Chippewa National Forest
The Chippewa National Forest was the first National forest established east of the Mississippi River in 1908. Originally known as the Minnesota National forest, the name was changed in 1928 to honor the original inhabitants. The forest has a rich history, ranging from prehistoric times to the early logging era and Civilian Conservation Corps days.
The Forest boundary encompasses about 1.6 million acres, with over 666,000 acres managed by the Chippewa National Forest. The remaining lands are State, County, Native American and private. The Leech Lake Indian Reservation is also within the Forest boundary.
Water is abundant on the Chippewa, with over 1300 lakes, 925 miles of streams and 400,000 acres of wetlands. The forest’s landscape is a reminder of the glaciers which blanketed northern Minnesota some 10,000 years ago.
The forest is also one of the largest breeding population areas of bald eagles in the lower 48 states. Eagles are often viewed soaring over larger lakes of the area. White-tailed deer, ruffed grouse, and numerous waterfowl provide good wildlife viewing and hunting opportunities. Sensitive species such as the osprey, loon and great grey owl also make the Forest their home. The gray wolf and canada lynx are also present but rarely seen.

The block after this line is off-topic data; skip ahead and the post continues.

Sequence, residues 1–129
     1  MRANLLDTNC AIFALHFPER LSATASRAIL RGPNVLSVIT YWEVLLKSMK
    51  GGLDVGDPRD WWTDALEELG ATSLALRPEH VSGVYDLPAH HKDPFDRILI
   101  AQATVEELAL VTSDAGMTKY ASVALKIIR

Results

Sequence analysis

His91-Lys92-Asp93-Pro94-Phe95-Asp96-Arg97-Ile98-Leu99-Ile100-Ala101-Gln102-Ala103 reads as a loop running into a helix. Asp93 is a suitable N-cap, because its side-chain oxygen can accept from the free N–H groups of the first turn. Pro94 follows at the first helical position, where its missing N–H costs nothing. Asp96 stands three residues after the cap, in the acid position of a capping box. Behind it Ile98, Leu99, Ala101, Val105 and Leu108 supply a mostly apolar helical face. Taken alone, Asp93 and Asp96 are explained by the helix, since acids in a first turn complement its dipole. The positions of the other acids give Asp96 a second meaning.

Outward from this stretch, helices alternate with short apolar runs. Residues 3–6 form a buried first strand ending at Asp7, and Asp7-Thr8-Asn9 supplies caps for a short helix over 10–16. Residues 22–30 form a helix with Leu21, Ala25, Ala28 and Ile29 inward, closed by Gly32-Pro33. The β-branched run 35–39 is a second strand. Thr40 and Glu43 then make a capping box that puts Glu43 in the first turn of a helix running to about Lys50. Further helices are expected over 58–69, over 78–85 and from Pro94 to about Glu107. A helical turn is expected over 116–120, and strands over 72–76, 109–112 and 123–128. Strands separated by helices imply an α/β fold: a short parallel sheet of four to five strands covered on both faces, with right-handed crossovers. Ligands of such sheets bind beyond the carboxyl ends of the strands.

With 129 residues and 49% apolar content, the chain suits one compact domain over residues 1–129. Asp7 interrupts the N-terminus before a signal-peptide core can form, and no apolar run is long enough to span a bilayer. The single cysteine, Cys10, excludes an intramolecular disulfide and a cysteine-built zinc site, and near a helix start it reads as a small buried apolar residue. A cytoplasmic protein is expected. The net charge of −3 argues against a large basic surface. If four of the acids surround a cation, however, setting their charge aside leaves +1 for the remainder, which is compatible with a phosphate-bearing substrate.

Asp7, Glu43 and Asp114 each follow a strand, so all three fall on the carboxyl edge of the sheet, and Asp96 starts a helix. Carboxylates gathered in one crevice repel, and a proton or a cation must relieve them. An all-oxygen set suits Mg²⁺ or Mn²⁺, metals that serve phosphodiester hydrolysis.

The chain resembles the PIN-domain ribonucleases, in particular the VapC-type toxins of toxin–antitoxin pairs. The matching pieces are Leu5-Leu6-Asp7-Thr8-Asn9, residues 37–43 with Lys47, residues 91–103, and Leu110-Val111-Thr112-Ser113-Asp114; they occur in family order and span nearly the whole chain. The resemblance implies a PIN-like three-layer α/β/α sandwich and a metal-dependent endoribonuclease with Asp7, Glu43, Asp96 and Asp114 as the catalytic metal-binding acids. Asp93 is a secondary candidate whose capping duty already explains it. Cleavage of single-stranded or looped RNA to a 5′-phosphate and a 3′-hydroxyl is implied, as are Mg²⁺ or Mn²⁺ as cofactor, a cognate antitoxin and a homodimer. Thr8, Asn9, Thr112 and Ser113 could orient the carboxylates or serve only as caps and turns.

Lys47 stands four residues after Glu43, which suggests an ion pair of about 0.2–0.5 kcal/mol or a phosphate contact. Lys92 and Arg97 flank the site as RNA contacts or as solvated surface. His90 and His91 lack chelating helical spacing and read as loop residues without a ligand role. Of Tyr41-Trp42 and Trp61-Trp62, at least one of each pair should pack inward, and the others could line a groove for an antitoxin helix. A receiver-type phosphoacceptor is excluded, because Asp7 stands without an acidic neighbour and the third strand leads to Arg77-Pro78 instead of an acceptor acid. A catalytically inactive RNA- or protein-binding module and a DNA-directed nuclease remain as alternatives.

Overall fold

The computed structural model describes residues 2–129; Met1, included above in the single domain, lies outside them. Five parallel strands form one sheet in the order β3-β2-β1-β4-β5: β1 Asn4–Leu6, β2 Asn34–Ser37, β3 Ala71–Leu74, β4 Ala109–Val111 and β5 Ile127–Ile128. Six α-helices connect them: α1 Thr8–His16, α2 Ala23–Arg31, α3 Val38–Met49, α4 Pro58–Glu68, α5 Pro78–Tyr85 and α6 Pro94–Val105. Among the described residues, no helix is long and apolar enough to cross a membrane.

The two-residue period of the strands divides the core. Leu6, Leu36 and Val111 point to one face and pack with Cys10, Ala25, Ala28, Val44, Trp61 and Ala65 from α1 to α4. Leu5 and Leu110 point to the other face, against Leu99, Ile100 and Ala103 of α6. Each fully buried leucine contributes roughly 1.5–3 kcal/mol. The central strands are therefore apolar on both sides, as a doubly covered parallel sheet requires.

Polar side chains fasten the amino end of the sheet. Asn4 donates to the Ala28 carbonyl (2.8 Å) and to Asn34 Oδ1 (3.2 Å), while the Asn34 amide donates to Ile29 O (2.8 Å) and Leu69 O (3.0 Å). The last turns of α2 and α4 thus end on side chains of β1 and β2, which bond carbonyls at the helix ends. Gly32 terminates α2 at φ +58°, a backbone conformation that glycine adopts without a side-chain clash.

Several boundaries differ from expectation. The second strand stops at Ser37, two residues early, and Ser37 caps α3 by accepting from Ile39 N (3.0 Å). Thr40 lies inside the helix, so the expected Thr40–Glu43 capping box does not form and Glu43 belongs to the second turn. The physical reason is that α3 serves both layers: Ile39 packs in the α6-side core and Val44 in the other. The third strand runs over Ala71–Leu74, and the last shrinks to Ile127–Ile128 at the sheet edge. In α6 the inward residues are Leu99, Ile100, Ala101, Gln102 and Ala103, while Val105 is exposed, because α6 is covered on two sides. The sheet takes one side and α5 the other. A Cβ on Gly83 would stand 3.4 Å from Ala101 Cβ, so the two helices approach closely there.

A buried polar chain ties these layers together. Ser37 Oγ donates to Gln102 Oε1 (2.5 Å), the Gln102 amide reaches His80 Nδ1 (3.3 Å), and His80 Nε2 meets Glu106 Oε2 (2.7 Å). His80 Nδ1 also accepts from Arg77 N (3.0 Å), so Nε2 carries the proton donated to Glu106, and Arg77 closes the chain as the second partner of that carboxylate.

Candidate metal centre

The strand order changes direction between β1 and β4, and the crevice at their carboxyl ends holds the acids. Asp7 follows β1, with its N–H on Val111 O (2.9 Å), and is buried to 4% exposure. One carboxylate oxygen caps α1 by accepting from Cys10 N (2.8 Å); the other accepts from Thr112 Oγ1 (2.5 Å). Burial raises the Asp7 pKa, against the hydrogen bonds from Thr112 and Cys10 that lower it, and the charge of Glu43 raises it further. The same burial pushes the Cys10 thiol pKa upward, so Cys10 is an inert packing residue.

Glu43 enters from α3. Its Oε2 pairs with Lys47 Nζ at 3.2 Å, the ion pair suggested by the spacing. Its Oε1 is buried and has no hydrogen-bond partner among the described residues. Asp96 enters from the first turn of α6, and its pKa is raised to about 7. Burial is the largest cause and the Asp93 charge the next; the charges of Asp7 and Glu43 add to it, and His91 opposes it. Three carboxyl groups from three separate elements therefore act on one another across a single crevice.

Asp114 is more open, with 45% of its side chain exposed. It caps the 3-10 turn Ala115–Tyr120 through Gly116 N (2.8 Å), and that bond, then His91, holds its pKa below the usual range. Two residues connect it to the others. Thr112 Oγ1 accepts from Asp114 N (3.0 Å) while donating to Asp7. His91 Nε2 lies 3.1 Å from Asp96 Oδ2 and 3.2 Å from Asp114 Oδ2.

Water oriented recreation such as fishing, canoeing, camping, water-skiing, tubing and swimming are popular on the Chippewa. Twenty-three developed campgrounds, located on the major lakes, offer a place to relax or to fish muskie, walleye, northern pike, bass or sunfish. To “rough it” primitive campsites are available into more remote areas. Resorts are also located throughout the Forest. There are 298 miles of non-motorized trails to view the Chippewa National Forest and many miles of motorized recreation opportunities. Visitors have ample opportunities to hike and view spring wildflowers, bike along tranquil lakes, hunt grouse on a hunter walking trail or ski through the winter woods.
Over 150 people are employed by the Chippewa National Forest. Our jobs as specialists in archeology, wildlife, forestry, water, engineering and recreation enable us to manage the Forest for you. Together with computer support personnel we work as a team to carry our the Forest Service mission of “Caring for the land and serving people”.